Wlliam Gilmore Simms
Stories and Tales >> The Prima Donna: A Passage from City Life >> Page 177

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Page 177

Short Stories | U of South Carolina P | 1974
Transcription THE PRIMA DONNA177
English parentage. Still, her more remote ancestors might have
come from the sister Isle.
I had now a new employment for my vacant hours, and a new
motive for the survey of my `rookery.' I watched and listened long
enough, and often enough, to discover, in the next five days, sufficient
cause for a greatly-increased wonderment. The girl for she was
young enough to be considered under this head, was really beautiful.
Her appearance, air, manner and behaviour, were such, also, as to
justify the belief that she had come of good family, had been used
to gentle nurture, and had been blessed with something more than
an ordinary education. Yet how came she in such a place so meanly
habited—so poorly tended—so wretchedly provided for? The hovel
which she occupied, was decidedly one of the meanest of the `row.'
The apartment in which I usually beheld her, and which I could
easily overlook from mine, was almost entirely without furniture.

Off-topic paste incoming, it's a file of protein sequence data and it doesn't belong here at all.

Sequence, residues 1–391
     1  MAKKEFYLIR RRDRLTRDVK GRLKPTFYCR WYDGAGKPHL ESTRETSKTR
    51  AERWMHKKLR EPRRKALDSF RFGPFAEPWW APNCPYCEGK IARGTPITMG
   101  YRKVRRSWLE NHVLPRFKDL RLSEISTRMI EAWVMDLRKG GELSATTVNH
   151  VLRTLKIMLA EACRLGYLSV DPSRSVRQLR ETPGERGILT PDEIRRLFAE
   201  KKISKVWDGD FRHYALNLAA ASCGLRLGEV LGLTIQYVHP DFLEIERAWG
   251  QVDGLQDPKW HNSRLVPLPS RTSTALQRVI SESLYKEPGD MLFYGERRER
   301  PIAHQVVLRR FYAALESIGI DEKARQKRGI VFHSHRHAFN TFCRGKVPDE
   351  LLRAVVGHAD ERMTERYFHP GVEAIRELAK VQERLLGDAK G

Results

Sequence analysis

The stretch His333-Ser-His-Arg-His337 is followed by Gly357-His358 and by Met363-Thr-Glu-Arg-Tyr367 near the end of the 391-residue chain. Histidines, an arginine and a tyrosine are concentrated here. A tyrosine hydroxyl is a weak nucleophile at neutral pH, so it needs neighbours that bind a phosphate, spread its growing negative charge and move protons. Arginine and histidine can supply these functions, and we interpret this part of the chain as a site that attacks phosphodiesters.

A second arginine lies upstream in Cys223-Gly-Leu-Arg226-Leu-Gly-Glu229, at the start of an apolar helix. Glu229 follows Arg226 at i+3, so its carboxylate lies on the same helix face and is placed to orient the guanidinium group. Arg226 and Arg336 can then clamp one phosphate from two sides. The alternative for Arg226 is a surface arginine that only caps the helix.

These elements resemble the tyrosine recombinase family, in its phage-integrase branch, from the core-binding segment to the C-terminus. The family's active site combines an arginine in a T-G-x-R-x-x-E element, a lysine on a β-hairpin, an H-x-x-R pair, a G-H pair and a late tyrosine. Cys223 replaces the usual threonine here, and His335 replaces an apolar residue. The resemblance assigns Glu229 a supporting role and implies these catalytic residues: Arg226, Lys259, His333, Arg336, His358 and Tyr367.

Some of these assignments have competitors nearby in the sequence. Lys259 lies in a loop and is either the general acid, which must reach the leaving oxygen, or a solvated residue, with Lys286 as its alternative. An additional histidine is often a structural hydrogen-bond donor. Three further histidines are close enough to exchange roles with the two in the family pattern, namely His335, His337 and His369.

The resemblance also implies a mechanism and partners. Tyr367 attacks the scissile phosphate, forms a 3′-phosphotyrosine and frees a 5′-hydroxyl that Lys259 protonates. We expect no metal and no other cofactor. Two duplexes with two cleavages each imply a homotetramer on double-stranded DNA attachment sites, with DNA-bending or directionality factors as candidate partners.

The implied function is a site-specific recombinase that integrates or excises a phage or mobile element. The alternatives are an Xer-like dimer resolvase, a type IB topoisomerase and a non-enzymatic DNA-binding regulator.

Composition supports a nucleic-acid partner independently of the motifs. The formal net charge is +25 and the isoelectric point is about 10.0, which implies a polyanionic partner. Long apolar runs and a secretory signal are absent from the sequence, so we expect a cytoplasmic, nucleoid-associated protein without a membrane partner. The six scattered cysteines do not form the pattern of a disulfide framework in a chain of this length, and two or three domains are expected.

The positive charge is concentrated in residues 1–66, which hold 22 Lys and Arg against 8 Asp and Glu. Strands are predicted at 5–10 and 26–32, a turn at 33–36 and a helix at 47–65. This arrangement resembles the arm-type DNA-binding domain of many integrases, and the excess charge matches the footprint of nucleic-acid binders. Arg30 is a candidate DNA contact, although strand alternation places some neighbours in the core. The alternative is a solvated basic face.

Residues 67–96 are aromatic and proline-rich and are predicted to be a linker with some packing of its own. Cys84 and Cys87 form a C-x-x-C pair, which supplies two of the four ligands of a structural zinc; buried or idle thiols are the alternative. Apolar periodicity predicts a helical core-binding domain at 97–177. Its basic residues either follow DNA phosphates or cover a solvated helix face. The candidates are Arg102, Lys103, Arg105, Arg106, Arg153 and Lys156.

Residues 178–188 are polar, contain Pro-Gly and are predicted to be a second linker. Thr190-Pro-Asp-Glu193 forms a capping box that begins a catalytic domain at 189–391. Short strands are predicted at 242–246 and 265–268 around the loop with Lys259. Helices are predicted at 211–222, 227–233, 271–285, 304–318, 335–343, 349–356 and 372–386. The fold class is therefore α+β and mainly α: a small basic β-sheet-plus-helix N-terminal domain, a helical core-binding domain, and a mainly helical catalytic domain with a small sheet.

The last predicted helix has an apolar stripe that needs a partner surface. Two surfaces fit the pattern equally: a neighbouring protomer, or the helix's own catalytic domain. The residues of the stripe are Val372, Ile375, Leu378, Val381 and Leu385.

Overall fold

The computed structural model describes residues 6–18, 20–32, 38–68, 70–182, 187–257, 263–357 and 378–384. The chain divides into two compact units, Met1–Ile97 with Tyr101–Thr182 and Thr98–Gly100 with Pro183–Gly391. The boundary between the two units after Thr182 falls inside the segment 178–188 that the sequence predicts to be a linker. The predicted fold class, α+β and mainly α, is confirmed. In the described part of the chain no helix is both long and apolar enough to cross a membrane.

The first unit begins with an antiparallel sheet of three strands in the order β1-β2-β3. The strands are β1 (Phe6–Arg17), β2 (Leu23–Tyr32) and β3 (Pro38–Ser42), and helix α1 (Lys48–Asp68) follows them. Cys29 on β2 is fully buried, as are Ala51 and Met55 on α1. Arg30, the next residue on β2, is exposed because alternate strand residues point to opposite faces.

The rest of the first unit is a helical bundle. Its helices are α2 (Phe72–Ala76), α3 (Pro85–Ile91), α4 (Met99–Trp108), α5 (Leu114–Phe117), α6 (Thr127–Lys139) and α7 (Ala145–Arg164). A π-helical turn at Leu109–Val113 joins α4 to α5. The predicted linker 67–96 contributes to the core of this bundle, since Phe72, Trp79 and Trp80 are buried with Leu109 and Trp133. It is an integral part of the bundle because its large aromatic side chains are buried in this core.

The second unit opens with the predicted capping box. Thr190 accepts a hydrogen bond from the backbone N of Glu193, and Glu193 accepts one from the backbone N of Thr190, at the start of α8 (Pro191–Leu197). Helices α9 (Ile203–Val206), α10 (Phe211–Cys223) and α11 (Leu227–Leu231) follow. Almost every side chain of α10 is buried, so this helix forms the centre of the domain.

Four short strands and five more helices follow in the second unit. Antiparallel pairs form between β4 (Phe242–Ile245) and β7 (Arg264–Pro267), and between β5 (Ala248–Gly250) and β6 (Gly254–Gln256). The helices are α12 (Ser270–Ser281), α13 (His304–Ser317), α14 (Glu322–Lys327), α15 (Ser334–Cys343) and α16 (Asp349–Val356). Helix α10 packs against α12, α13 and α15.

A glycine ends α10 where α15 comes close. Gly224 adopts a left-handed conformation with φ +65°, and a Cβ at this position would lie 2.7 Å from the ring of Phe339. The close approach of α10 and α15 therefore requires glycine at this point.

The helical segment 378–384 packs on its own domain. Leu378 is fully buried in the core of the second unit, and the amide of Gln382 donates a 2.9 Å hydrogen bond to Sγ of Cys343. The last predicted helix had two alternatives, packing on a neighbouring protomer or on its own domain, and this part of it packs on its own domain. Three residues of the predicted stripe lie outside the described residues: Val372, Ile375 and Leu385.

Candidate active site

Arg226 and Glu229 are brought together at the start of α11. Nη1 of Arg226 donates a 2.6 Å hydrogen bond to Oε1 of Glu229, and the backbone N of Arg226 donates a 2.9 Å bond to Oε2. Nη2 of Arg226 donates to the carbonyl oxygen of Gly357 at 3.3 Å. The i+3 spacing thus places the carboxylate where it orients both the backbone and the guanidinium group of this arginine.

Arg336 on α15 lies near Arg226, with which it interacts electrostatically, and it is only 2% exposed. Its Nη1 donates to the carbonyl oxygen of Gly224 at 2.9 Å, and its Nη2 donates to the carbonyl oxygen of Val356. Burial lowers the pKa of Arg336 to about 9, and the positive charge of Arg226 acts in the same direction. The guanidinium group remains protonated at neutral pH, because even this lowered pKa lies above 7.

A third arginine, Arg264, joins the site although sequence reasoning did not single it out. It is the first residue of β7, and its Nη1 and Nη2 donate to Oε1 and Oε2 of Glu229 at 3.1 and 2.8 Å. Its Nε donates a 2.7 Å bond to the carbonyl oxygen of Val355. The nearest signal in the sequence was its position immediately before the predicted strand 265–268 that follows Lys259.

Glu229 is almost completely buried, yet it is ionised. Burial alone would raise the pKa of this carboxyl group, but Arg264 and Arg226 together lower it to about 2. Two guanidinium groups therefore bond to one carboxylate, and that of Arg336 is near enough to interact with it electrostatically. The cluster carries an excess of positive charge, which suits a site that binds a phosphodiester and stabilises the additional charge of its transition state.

A rude box beside the window formed the only seat which I per-
ceived it to contain; and the bed, the foot of which was all that I
could see, was spread out upon the floor. The wild and tender ballad
which she sang the style of her performance the subdued and
sweet resignation of her countenance the while, how little did these
correspond with the wretched state of every thing around her!
What could have brought her to this condition? I mused over this
question long, and approached it frequently. The answer which I
found seldom satisfied me. I was unwilling to believe that mere
misfortunes, the hazards of a capricious fate alone, could have so
reduced worth, accomplishment and talent; and yet, how difficult,
—looking on her face of angelic purity of expression, and a placid
resignation not less angelic, to believe that she was the victim of
guilt—the creature, self-impelled to sin, by her own bad passions, or
pliant virtue.
CHAPTER III.
The more I thought, the more I was confused; and I became
hourly more and more interested in the subject. My caution and
my studies, and sometimes my landlady and supper, were equally
forgotten. I became something of an amateur in music; though, after
the few first days, my eyes were probably far more busy than my ears.